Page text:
Peruchazhi has been highly anticipated since the day it was announced and the clever (perhaps a bit over the top) marketing campaign and promotional tactics employed by the film’s makers succeeded in adding to the hype. Trains and railway stations too covered by posters and artwork of the movie? C’mon now!
After all that jazz, did the flick in fact deliver what it promised – a laugh riot with Mohanlal back at his comedic best? Time to put the movie under the microscope then..
Now, the movie begins with a warning or rather a suggestion to the viewers, intended as a precursor to the comedy, one supposes, but ends up being rather sensible – “Please put your mobile phones and your logic away.”
That right there should prepare you for the loose chain of events masquerading as a ‘plot’ in this film.
Jagannathan aka Peruchazhi (Mohanlal) is a political kingmaker with a heart of gold, but he holds no official positions of his own and spends his time playing around (quite literally) with his two cronies or sidekicks, Jabbar (Baburaj) and Varky (Aju). His only dream being to build a sports academy to nurture young talent in Kerala to international levels. Of course, he has everything but the money to bring this project to fruition.
Now we have a dire situation in the US political scene as candidate John Kory is losing his campaign for Governorship of California slowly but surely, and his campaign manager Sunny Kurishingal (Vijay Babu) is clutching at straws. In his desperation, at the advice of his wife, he calls an old friend back home – the PWD Minister of Kerala, Francis Kunjappan (Mukesh), to hire a consultant from ‘God’s Own Country’ to help with the campaign.
Francis though, fed up with Jagannathan and his success as a political guru, and fearful that good old Jaggu may replace him in the future, brokers the deal so that Jagannathan and his side kicks are sent to California.
And then we have a storyline which just jumps and leaps tirelessly from generic to boring to ridiculous to occasionally funny and then back to boring.
Oh, by the way, there is a love story crammed in there as well. Maybe the filmmakers thought the movie would be too testosterone filled otherwise… sigh.
Performances and Technical Aspects:
Well, what can one say about Mohanlal’s performance other than the fact that he is as many directors over the years have pointed out – a director’s actor. Sufficient to say, he did the job entrusted to him fairly well.
In fact, all the performances were stellar, especially Baburaj who shined as the crass and hilariously outspoken Jabbar. Vijay Babu, who is also one of the producers of the movie did his onscreen part justice too.
The question then becomes – where did it all go wrong then? One has no choice but to look to the director, who also co-wrote the story, but we’ll get to that later.
Arvind Krishna’s cinematography left nothing much to complain about. Especially some close ups and one visually exciting but logically insane scene involving the rescue of a child were perfectly handled.
Arrora’s music though was generic and hardly memorable or catchy, but in all fairness, the sheer volume of visual bru ha ha may have drowned some of it out.
Vivek Harshan’s editing too falls squarely in the category of ‘good enough’, with the rest of the technical aspects. The production values of the movie were definitely not lacking in any sense, which makes the whole experience and further recounting of it even sadder.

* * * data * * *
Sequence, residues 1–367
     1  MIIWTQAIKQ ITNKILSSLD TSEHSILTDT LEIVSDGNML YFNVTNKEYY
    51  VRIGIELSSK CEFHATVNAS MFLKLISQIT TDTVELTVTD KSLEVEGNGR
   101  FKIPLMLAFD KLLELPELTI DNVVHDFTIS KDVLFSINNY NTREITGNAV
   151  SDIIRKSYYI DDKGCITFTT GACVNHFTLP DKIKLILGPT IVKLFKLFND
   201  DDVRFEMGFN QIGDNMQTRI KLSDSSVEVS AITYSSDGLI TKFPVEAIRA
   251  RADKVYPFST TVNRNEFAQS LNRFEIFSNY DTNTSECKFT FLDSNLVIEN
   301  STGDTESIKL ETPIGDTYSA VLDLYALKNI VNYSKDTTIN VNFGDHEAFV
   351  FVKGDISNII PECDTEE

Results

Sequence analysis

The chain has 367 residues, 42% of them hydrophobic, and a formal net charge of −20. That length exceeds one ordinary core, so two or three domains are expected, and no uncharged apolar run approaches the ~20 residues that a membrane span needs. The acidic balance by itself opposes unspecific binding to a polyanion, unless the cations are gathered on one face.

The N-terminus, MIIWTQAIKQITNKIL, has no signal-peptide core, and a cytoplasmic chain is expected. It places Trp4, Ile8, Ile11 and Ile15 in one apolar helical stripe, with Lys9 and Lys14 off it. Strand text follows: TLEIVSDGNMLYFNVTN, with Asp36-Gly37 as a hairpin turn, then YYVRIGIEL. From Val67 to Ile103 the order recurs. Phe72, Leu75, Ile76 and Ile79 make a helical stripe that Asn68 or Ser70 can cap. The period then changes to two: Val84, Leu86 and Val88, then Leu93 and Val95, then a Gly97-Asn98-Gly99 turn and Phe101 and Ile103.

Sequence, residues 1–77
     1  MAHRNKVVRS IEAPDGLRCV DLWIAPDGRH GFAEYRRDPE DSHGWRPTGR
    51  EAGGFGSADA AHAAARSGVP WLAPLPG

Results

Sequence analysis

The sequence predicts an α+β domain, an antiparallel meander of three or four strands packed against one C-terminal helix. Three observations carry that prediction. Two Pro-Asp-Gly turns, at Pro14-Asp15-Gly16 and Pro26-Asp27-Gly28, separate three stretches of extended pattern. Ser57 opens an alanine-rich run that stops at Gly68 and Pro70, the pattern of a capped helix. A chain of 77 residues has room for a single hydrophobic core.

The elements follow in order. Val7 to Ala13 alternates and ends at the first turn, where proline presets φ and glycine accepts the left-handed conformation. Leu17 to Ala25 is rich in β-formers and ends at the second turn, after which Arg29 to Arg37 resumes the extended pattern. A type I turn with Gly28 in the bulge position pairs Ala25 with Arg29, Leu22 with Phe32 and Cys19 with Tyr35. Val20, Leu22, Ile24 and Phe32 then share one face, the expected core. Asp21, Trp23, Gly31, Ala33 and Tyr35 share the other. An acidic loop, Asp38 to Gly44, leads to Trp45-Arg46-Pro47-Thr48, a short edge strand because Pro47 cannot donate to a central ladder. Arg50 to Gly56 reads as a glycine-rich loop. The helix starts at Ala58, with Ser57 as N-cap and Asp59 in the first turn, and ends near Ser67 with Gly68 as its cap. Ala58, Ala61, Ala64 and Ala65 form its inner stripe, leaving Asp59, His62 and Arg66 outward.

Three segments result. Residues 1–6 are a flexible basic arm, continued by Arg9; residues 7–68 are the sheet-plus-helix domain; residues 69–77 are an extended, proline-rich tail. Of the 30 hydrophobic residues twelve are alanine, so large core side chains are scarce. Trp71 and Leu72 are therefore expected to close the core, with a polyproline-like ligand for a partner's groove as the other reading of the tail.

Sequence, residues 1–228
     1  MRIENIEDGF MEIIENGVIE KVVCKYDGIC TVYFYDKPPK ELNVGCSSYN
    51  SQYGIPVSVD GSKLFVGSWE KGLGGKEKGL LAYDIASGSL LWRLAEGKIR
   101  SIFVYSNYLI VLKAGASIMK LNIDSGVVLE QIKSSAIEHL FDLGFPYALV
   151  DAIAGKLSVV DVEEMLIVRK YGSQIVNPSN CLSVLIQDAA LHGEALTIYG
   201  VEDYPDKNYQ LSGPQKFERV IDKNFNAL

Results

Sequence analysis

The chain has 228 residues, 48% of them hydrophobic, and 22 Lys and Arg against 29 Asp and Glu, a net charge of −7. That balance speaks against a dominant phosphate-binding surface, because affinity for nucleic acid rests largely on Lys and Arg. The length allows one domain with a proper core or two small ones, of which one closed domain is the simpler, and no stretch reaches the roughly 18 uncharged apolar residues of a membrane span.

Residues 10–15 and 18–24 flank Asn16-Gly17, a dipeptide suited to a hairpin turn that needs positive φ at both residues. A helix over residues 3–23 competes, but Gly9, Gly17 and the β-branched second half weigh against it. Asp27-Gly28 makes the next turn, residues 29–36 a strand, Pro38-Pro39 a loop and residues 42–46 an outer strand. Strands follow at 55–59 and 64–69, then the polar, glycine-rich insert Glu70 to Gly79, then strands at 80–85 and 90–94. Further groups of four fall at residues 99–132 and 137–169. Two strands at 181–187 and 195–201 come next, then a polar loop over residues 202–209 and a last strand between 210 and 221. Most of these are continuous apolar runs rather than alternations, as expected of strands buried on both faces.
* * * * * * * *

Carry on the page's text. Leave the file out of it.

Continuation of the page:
Hawk Eye Analysis:
This is a movie that makes you go “what… why?” as you exit the cinema hall, and we’re not talking about the plot alone.
This is one movie where the blame or rather the lions’ share of responsibility for the final product can be justifiably put on the shoulders of the director – Arun Vaidyanathan. The fact that he co-wrote the story makes it even more so.
The trend of capitalizing on the brand image and certain famous lines/personality of the superstar in a movie, to get a few loud cheers and a hesitant round of applause is not uncommon these days. But Peruchazhi takes the concept over the top and in to the wilderness.
The number of times Mohanlal’s previous films are referred to here, and also his own characteristics known to people like “he is not a comedian, but an actor who knows how to do comedy” etc… makes you wish you were watching some of his other movies where he did do that instead of this one.
It is a bad sign definitely when you see the frequency and volume of applause diminishing noticeably from the beginning of the movie as it nears the end. It is an even worse sign when you find yourself wishing the movie would just wrap things up soon.
By the way, the attempt at satire is more like a bad spoof of American vs Indian politics. If you’re even remotely familiar with American political culture or landscape you’ll cringe for sure at some of the scenes.
When the ‘loan shark/gangster’ who gets beaten up by Mohanlal is named Tony Soprano, is when you find yourself resisting the urge to slap your face to wake up from the surrealistic nightmare.
Is Peruchazhi all bad? No. There are moments of humour but unfortunately that is all there is. The plot and the dialogues fail at drawing you in from any other angle.
Is this a family movie you want to rush to? Well, you could but you might be disappointed. Instead one suggests watching some of Mohanlal’s countless other older movies referenced in this one.
Peruchazhi had a lot of promise and great potential but it fails on account of no cohesive direction and a weak script.
Save your money now and buy the DVD when it comes out if you’re a hardcore Mohanlal fan, or else you can catch it on TV in the near future..